At least our new government is wasting no time. You have to give them that. First, destroy public radio and television as independent media sources by making their heads politically appointed. Then, seriously consider arming the police with tasers, which would no doubt have given the ‘pots and pans revolution’ another name, had they been in use back in early 2009.
Now, you can get on with your real job, which is transferring public money to the wealthy few. One of the major achievements of the last government was to lessen income inequalities for the first time in living memory. Judging by their first actions, the new government is set to change this.
There are two reasons why this latest right-wing government is particularly dangerous. First, the Independence Party/Progressive Party coalition, Iceland’s “naturally governing parties” through the ages, had to spend four years in the wilderness in opposition (six for the latter). This seems unfair to those born to rule and has pissed them off royally. The last time the Independence Party was in power, they chose the Social-Democratic Alliance as coalition partners. That was supposed to present capitalism with a human face. This time, there is no such pretence.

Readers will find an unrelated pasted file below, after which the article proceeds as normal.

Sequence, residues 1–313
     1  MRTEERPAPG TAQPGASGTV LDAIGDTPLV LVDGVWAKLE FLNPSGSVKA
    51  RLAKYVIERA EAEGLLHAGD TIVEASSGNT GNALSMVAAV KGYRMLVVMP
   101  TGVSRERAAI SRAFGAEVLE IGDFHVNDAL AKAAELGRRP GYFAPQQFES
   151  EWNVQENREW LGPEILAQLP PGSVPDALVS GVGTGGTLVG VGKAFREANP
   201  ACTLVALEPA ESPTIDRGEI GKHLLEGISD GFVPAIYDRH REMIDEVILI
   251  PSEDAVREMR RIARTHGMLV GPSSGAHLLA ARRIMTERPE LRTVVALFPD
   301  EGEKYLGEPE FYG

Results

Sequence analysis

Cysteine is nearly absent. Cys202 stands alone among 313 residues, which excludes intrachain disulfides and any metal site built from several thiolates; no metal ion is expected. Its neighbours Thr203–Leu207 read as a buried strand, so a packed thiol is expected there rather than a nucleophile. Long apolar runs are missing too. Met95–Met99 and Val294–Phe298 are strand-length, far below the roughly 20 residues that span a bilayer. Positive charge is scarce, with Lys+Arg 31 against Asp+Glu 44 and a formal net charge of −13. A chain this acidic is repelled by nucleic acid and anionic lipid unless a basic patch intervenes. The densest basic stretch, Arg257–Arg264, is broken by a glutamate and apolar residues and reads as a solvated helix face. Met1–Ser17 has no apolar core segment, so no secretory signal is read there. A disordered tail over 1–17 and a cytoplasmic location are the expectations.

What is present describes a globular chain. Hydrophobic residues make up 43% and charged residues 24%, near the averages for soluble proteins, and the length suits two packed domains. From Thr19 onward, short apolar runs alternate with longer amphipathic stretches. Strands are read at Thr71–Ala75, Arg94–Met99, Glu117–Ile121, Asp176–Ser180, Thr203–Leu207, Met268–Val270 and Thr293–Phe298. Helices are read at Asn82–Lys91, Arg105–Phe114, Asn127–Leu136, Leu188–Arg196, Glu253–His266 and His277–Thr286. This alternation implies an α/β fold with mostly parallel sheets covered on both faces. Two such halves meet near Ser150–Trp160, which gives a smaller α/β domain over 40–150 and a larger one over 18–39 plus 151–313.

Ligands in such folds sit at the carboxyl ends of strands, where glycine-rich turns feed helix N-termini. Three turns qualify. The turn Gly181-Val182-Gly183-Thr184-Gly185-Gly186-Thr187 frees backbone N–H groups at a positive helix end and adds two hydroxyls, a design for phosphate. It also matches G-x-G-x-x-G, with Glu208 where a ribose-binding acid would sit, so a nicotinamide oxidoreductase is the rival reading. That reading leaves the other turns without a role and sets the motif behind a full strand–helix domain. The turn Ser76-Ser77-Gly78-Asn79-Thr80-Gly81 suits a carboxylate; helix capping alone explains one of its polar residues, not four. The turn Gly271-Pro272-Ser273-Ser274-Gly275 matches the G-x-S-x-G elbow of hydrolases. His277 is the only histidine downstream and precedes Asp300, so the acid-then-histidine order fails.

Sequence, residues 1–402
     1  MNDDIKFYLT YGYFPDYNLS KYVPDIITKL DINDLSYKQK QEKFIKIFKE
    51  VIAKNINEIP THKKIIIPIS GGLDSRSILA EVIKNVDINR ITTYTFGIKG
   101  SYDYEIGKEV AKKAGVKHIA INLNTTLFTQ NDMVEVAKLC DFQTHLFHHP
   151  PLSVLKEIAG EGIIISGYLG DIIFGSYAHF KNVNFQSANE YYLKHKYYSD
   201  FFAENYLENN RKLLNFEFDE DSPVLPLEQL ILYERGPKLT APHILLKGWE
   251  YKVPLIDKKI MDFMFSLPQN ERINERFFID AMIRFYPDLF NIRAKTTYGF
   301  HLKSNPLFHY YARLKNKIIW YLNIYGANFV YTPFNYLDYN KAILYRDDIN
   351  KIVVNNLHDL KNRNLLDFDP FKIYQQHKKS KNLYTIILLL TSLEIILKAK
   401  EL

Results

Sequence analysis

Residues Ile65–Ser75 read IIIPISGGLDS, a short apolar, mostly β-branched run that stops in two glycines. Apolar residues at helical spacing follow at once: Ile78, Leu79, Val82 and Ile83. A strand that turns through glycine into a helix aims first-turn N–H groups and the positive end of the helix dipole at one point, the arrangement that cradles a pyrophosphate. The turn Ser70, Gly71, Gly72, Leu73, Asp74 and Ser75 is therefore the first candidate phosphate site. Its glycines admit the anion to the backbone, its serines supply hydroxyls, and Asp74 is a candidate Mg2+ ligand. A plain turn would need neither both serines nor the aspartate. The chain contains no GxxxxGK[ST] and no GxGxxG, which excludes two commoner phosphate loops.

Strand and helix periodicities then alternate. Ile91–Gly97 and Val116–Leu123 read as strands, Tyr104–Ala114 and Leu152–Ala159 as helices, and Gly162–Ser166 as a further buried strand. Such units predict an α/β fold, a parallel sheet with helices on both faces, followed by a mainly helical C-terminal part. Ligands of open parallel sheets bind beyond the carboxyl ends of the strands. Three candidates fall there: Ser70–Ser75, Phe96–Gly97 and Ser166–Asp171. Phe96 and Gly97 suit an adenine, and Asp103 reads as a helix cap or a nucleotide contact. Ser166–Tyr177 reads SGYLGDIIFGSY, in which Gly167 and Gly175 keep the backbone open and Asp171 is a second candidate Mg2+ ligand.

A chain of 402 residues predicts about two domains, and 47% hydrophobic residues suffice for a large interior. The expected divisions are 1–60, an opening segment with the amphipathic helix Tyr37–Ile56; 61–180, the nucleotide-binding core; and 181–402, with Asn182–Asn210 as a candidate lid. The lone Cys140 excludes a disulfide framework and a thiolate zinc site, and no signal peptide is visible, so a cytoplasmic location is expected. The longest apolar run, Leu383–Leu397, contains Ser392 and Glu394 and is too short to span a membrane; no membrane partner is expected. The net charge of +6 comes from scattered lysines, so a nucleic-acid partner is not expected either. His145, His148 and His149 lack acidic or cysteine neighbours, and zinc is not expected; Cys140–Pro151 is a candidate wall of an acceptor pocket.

Second, after being voted back into power less than five years after bankrupting the country, they really do feel like they have a mandate to do as they please. Any mistakes, after all, will soon be forgiven. The results are predictable. Decreased taxes on fisheries owners, the very wealthiest Icelanders. And how do we pay for this? By cutting dental care for children, to name but one example. Or not giving nurses the raise they had been promised, to name another. Or by privatising health care and cutting student loans. Nothing seems safe.
After all the conflict surrounding the last government, people seemed ready to slip into apathy under this one. This, however, has failed to happen. A new law intended to reduce fees on those who profit from harvesting the nation’s fish stock (which are in public ownership, but rented out) caused an uproar.
Roughly 35,000 people—over a tenth of the entire population—signed a petition to keep the old laws (and fees) in place. This, however, did not impress President Ólafur Ragnar. After having introduced the idea of petitions as a way to influence government by repeatedly refusing to sign the IceSave bill, he seems now to have sided firmly with the current government. Petitions seem to have been rendered meaningless. But can the genie be put back in the bottle?
It seems that the new government has already managed to do something that the former government couldn’t: they’ve galvanised the left. It would be very unwise for a President and a Prime Minister, both of whom were elected as a direct result of opposition to IceSave, to now refuse to listen to the people.
We know what happened last time a right-wing government refused to listen. It is unlikely that the next revolution will be as peaceful as the last. A well-armed police force will make sure of that.
Valur Gunnarsson is one of those guys that founded The Reykjavík Grapevine ten years ago. When he’s not sleeping, Valur likes to write novels and articles and opinion columns. He also sings a lot, and travels to his heart’s content.
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